Germany, Poland, EU Want Sanctions On Russian Uranium

Germany, Poland, and a few other EU countries are lobbying for restrictions on Russian nuclear energy, as the EU seeks for new methods to cut the Kremlin’s revenue in the aftermath of Moscow’s invasion of Ukraine.

In the aftermath of Russia’s war with Ukraine, the EU27 sanctioned Russian seaborne oil and coal, and severely reduced purchases of natural gas from Moscow. Some countries, however, believe that more should be done.

“Across the EU, we must keep making ourselves independent from Russia,” Robert Habeck, the German economy and climate minister, said over the weekend. “The nuclear sector is still outstanding… Nuclear technology is an extremely sensitive area, and Russia can no longer be seen as reliable partner within it.”

The move comes after Germany shut down its last three nuclear power facilities over the weekend as part of its shift to renewable energy sources such as wind and solar, which has sparked concern both at home and abroad.

The debate is always complicated for the EU, since any penalties against Russia must be approved unanimously. During prior discussions, Hungary and Bulgaria required more time and persuasion, casting doubt on the entire process.

Hungary declared in August that it would build two new nuclear reactors with the Russian state-owned business Rosatom, emphasizing the complexities of the situation.

Poland and the Baltic States also called for sanctions on civil nuclear energy activities, as well as bans on diamond imports from Russia, the provision of information and communication technology services to Russian state firms, and oil imports via the Druzhba pipeline, according to a document obtained by CNBC.

“Between March and December 2022, Russia exported just over $1 billion-worth of materials and technology of relevance to the nuclear energy sector,” the Royal United Services Institute, a think tank, said in a report in February. “This trade included exports to members of NATO and the EU.”

The report also stated that the value of Russian nuclear-related exports has not only not decreased since February 2022, but that it may be increasing, with a handful of loyal customers still keen to do business with Russia’s nuclear sector.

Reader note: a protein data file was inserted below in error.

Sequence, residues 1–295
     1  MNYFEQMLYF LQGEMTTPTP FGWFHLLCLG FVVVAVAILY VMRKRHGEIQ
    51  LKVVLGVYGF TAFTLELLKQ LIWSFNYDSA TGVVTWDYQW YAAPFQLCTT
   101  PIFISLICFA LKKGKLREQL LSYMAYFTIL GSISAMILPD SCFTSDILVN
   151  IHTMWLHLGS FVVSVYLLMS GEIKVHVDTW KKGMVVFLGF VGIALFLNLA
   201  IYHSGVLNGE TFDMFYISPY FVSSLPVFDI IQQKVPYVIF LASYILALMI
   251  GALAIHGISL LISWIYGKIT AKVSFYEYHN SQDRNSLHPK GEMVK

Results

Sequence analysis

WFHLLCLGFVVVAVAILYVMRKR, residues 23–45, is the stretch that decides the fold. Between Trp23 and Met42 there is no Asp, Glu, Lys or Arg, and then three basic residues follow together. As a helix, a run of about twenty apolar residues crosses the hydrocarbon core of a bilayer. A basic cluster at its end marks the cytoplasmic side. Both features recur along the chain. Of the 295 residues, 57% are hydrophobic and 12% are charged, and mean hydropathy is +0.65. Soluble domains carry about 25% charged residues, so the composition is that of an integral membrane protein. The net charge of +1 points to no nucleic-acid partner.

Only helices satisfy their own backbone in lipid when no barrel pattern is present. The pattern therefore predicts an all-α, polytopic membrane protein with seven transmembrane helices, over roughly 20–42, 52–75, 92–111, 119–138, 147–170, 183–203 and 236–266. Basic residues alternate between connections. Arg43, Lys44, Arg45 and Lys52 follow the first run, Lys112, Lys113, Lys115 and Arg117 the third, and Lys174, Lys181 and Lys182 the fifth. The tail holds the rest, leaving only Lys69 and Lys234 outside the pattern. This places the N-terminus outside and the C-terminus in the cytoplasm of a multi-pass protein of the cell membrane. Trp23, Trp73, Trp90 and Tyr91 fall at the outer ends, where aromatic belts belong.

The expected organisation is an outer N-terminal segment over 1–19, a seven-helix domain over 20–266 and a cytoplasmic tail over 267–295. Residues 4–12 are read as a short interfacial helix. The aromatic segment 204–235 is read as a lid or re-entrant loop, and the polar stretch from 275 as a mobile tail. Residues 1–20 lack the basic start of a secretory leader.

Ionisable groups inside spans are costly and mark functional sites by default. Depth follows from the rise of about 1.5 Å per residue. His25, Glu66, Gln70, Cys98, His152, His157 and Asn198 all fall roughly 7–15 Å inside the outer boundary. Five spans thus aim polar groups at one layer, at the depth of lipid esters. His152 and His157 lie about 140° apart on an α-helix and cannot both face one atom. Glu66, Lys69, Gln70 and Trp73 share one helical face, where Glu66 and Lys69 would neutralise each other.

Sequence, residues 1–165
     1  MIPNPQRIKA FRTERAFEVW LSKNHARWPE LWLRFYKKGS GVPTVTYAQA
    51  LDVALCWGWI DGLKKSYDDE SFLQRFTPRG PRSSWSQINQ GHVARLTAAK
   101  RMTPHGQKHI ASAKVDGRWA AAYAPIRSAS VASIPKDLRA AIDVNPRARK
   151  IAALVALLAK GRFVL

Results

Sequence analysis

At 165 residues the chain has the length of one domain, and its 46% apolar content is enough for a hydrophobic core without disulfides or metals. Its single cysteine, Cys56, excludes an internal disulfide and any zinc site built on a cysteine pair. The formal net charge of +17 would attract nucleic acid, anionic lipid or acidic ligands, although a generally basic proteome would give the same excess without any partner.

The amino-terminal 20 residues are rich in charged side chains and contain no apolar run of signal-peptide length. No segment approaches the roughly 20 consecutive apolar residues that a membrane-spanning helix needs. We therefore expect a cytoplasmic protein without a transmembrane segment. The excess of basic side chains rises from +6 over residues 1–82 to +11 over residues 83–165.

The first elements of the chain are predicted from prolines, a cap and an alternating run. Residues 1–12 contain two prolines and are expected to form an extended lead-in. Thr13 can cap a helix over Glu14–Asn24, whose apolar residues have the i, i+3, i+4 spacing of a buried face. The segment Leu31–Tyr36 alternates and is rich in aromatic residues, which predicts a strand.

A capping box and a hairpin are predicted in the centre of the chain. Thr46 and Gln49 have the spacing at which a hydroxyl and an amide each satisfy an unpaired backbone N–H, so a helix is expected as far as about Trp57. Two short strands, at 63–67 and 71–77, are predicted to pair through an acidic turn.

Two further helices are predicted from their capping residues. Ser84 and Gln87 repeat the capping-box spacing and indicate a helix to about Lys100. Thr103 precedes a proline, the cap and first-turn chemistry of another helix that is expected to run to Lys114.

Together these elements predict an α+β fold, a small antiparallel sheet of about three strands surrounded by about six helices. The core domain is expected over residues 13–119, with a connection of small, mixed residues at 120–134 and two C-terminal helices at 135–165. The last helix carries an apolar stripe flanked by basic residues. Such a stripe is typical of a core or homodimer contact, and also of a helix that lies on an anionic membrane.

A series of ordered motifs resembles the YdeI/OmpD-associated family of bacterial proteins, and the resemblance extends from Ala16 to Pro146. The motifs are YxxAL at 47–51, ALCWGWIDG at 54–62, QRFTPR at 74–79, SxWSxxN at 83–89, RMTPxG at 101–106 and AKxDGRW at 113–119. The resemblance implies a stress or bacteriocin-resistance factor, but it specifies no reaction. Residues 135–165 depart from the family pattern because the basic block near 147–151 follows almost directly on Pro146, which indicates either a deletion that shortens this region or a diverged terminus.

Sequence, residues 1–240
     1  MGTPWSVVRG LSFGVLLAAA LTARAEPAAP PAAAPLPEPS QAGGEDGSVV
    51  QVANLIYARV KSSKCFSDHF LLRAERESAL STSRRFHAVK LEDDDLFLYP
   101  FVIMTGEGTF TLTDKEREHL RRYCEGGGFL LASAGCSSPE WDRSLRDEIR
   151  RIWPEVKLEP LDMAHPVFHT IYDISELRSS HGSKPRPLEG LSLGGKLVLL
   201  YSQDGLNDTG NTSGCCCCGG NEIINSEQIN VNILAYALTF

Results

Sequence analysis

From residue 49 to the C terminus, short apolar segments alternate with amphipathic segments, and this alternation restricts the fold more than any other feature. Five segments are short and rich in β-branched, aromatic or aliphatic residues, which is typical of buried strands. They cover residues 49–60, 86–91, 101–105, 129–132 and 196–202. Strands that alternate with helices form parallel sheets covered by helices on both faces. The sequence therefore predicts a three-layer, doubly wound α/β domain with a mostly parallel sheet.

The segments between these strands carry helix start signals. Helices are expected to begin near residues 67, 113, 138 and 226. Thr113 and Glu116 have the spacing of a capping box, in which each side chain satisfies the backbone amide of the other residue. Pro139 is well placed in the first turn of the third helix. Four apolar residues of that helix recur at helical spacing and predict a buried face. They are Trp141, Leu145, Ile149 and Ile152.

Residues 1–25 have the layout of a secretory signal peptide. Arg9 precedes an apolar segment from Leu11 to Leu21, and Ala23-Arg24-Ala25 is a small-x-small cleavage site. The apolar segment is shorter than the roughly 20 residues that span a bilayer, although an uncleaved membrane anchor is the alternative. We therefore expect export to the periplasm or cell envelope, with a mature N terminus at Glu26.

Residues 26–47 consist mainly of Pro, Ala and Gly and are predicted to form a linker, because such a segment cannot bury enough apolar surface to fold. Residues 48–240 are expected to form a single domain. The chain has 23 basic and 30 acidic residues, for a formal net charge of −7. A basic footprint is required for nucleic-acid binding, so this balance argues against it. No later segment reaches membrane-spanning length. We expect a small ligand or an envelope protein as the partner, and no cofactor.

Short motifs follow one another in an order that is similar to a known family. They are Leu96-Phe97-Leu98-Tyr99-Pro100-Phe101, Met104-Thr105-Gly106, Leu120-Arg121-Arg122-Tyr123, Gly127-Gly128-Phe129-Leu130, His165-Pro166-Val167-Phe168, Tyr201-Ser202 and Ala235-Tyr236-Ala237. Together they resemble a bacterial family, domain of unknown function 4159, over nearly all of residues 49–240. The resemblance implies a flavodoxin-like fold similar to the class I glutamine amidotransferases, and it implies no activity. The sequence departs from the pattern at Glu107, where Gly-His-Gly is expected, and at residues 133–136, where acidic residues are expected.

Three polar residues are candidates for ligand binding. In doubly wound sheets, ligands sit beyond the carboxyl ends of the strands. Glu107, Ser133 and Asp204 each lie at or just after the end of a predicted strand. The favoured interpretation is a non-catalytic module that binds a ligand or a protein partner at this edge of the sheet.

In nudging Warsaw towards that direction, the US Export-Import Bank and the US International Development Finance Corporation have signed letters of intent to finance up to $3 billion and $1 billion, respectively, to Orlen’s Synthos Green Energy project in Poland. It intends to build approximately 20 small BWRX-300 modular reactors designed by GE Hitachi Nuclear Energy.

The cooperation of US financial institutions, according to Orlen CEO Daniel Obajtek, “shows the credibility of the process” of generating nuclear energy.

According to US Ambassador Mark Brzezinski, Russia’s actions against Ukraine about 14 months ago underscored the necessity to shift toward safe and reliable energy sources.

Coal mining is one of Poland’s greatest employers, employing over 80,000 people and supplying roughly 70% of the country’s energy, and Polish Prime Minister Mateusz Morawiecki stated that the industry will continue to ensure power security. However, he emphasized that global climate concerns and European Union rules are urging a change to renewable and clean energy, which the nuclear reactors plan is assisting with.

Poland’s government and the US Westinghouse Electric Company inked a pre-design agreement in February for the central European country’s first big nuclear power station, which will utilise the American company’s technology. Construction will begin in 2026, with the goal of supplying the electricity system by 2032.

11th sanction package

In the 14 months following Russia’s invasion of Ukraine, the EU has imposed ten packages of sanctions on Russia, with a new wave of measures in the works.

The EU’s chief executive, European Commission President Ursula von der Leyen, previously stated that the 11th package would focus on preventing circumvention of current limitations, particularly for spare parts and equipment used by Russia on the battlefield against Ukraine.

When asked if a fresh set of steps aimed at Russia will include nuclear energy, a European Commission spokesperson stated that the institution has no comment on ongoing secret conversations.

“The preparations for the 11th package are ongoing,” the spokesperson said, “to have it all done and ready it takes time.”

Information for this briefing was found via CNBC, Reuters, ABC, and the sources mentioned. The author has no securities or affiliations related to this organization. Not a recommendation to buy or sell. Always do additional research and consult a professional before purchasing a security. The author holds no licenses.

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